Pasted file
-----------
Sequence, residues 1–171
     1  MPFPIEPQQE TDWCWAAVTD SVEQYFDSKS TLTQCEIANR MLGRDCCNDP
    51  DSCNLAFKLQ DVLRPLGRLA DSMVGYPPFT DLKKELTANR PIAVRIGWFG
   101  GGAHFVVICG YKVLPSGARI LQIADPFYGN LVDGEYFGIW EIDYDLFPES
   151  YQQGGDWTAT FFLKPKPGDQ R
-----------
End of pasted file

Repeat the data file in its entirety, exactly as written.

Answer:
Sequence, residues 1–171
     1  MPFPIEPQQE TDWCWAAVTD SVEQYFDSKS TLTQCEIANR MLGRDCCNDP
    51  DSCNLAFKLQ DVLRPLGRLA DSMVGYPPFT DLKKELTANR PIAVRIGWFG
   101  GGAHFVVICG YKVLPSGARI LQIADPFYGN LVDGEYFGIW EIDYDLFPES
   151  YQQGGDWTAT FFLKPKPGDQ R